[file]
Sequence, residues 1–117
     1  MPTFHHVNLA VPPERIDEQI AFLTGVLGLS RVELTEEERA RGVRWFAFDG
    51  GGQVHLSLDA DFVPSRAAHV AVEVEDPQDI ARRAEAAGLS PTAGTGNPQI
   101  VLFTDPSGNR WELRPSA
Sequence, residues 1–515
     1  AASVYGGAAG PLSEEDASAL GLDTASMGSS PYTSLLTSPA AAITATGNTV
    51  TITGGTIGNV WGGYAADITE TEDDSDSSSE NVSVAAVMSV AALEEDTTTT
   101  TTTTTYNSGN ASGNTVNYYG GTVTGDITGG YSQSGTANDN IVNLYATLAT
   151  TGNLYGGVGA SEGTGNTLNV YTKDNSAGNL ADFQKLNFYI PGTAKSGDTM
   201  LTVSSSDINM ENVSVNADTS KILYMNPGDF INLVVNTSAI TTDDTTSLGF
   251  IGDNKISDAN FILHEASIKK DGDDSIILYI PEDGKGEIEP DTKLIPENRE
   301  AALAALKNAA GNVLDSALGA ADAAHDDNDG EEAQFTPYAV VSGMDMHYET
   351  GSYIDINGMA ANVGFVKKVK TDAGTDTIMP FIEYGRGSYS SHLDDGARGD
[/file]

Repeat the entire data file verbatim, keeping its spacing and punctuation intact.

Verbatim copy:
Sequence, residues 1–117
     1  MPTFHHVNLA VPPERIDEQI AFLTGVLGLS RVELTEEERA RGVRWFAFDG
    51  GGQVHLSLDA DFVPSRAAHV AVEVEDPQDI ARRAEAAGLS PTAGTGNPQI
   101  VLFTDPSGNR WELRPSA
Sequence, residues 1–515
     1  AASVYGGAAG PLSEEDASAL GLDTASMGSS PYTSLLTSPA AAITATGNTV
    51  TITGGTIGNV WGGYAADITE TEDDSDSSSE NVSVAAVMSV AALEEDTTTT
   101  TTTTTYNSGN ASGNTVNYYG GTVTGDITGG YSQSGTANDN IVNLYATLAT
   151  TGNLYGGVGA SEGTGNTLNV YTKDNSAGNL ADFQKLNFYI PGTAKSGDTM
   201  LTVSSSDINM ENVSVNADTS KILYMNPGDF INLVVNTSAI TTDDTTSLGF
   251  IGDNKISDAN FILHEASIKK DGDDSIILYI PEDGKGEIEP DTKLIPENRE
   301  AALAALKNAA GNVLDSALGA ADAAHDDNDG EEAQFTPYAV VSGMDMHYET
   351  GSYIDINGMA ANVGFVKKVK TDAGTDTIMP FIEYGRGSYS SHLDDGARGD